You may want to try the "Systems of Linear Inequalities" and
"Single Quadratic Inequality" activities first.
This activity introduces the concept of the solution set of two simultaneous
quadratic inequalities. That is, the set of all points that satisfy both
- The activity starts out with two equalities (equations). Explore the
possible solutions for this type of system.
- Select the "show intersection points" option to display the points where
the two equations intersect.
- Experiment with the two equations by selecting the radio button next to
the one you want to change. Then use the sliders to change the coefficients.
Watch the intersection points.
- Can you find a pair of equations that yields more than two intersection
- Can you find a pair that yields only one intersection point?
- Can you find a pair that yields none?
- Can you do all three of the above using linear equations (a=0)?
- Select the first equality by clicking its radio button, and set its
coefficients (by typing or using the sliders) so that it reads, 'y = x - 2'.
- Change the inequality symbol to 'greater than'. All points in the area
shaded green satisfy the inequality. Try identifying a point inside the
shaded region and checking to see if its x and y coordinates satisfy the
- Try to predict what region will be shaded if you change the symbol to
'less than'. Try it. Were you right?
- Now use the 'greater than or equal to' and 'less than or equal to'
symbols. How and why are these graphs different from those displayed when a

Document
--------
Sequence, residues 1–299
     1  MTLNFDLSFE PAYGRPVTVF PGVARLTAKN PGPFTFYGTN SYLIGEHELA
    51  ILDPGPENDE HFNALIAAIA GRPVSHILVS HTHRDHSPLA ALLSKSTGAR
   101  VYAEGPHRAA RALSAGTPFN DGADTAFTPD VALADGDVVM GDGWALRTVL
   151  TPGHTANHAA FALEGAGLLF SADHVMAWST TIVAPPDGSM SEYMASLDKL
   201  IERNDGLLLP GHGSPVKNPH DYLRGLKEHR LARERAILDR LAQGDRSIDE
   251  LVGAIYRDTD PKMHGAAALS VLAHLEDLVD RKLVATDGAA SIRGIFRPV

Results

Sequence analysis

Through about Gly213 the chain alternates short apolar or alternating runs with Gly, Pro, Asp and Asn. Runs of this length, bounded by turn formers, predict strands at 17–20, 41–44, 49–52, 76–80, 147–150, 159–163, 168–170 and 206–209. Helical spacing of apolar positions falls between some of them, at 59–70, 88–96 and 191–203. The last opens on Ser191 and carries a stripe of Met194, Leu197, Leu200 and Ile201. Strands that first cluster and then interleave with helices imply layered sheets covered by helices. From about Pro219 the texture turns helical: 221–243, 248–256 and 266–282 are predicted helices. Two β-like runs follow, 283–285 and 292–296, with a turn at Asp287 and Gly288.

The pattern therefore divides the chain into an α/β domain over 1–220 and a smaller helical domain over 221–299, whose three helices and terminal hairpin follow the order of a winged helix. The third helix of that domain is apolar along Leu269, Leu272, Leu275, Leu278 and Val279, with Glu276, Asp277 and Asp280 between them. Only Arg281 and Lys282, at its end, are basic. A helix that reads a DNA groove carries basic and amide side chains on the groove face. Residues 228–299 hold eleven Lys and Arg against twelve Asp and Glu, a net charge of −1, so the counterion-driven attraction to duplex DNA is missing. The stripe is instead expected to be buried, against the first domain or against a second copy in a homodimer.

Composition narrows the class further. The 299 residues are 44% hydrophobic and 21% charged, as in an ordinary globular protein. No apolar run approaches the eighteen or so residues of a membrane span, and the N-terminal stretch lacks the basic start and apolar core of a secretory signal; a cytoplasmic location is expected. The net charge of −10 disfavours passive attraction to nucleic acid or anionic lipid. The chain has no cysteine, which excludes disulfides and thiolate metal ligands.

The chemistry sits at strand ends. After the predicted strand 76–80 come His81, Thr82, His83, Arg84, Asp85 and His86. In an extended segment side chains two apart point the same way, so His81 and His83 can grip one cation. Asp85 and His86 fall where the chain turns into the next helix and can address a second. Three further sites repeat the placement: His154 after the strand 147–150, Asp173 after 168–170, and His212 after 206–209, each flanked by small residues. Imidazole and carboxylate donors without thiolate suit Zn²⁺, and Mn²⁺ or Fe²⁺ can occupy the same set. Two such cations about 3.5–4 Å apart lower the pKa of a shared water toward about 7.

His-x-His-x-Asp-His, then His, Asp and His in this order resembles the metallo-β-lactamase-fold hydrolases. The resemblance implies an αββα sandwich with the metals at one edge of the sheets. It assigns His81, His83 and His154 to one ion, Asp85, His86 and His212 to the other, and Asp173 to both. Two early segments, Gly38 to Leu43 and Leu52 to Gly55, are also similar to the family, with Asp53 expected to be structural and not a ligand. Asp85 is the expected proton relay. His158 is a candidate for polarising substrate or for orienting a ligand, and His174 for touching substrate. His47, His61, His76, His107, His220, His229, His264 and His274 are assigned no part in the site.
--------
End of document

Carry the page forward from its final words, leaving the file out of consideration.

strict inequality ( < or > ) is selected?
- How would you describe in general the shaded region for a linear
inequality in slope-intercept form?
- Change the values of b and c to test your description. Does it hold
- Set first inequality back to equality and try working with the second
inequality. Type or use the sliders to create the equality (equation)'y =
x2 + 2' and then experiment with the different inequality options.
- Does your general description of the shaded region for linear
inequalities hold true for this quadratic? If not, what breaks down?
- Change the values of a, b, and c to explore the different possibilities.
Come up with a description of the shaded region that works for both linear
and quadratic inequalities.
- Can you mentally predict the shaded regions before you make your
- Set the two inequalities back to 'y = x - 2' and 'y = x2 + 2'.
Set the symbol for the first inequality to 'less than' and set the symbol for
the second to 'greater than'.
- What do you think the solution set to this system is?
- Enable the 'Highlight solution set' option to check to see if you were
right. Were you?
- Disable 'Highlight solution set' and change the sign on one of the
equations, and try to identify the solution set again. Enable the highlight
again to check if you were right.
Note: The boundary lines for
equations are always shown, but are not always in the solution set. How can
you tell if the boundary line is part of the solution set?
- Experiment with the different inequalities to see the different solution
sets you can find. Can you predict the solution sets?
- Experiment with the two inequalities to see what solution sets you can
- Can you make a solution set that is the empty set with two parabolas?
- Can you make a solution set that is completely enclosed by lines or
- Can you make a solution set that is broken into two pieces?
- What role do the intersection points play in describing the solution